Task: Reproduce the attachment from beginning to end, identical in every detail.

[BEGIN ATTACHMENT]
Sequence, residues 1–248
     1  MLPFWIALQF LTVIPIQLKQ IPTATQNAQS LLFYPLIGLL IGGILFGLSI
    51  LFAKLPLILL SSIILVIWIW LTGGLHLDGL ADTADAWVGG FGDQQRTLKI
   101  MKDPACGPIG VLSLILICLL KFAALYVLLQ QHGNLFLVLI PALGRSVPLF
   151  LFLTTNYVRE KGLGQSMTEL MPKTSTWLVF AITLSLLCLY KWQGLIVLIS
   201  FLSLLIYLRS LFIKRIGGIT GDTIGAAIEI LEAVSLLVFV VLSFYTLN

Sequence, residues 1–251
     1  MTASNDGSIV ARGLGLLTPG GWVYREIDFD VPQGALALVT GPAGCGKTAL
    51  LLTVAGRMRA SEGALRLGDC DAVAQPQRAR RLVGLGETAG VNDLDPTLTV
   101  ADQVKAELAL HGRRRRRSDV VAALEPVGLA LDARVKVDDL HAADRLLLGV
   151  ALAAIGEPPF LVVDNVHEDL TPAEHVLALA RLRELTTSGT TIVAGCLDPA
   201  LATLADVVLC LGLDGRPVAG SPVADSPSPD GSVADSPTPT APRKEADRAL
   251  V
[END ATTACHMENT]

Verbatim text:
Sequence, residues 1–248
     1  MLPFWIALQF LTVIPIQLKQ IPTATQNAQS LLFYPLIGLL IGGILFGLSI
    51  LFAKLPLILL SSIILVIWIW LTGGLHLDGL ADTADAWVGG FGDQQRTLKI
   101  MKDPACGPIG VLSLILICLL KFAALYVLLQ QHGNLFLVLI PALGRSVPLF
   151  LFLTTNYVRE KGLGQSMTEL MPKTSTWLVF AITLSLLCLY KWQGLIVLIS
   201  FLSLLIYLRS LFIKRIGGIT GDTIGAAIEI LEAVSLLVFV VLSFYTLN

Sequence, residues 1–251
     1  MTASNDGSIV ARGLGLLTPG GWVYREIDFD VPQGALALVT GPAGCGKTAL
    51  LLTVAGRMRA SEGALRLGDC DAVAQPQRAR RLVGLGETAG VNDLDPTLTV
   101  ADQVKAELAL HGRRRRRSDV VAALEPVGLA LDARVKVDDL HAADRLLLGV
   151  ALAAIGEPPF LVVDNVHEDL TPAEHVLALA RLRELTTSGT TIVAGCLDPA
   201  LATLADVVLC LGLDGRPVAG SPVADSPSPD GSVADSPTPT APRKEADRAL
   251  V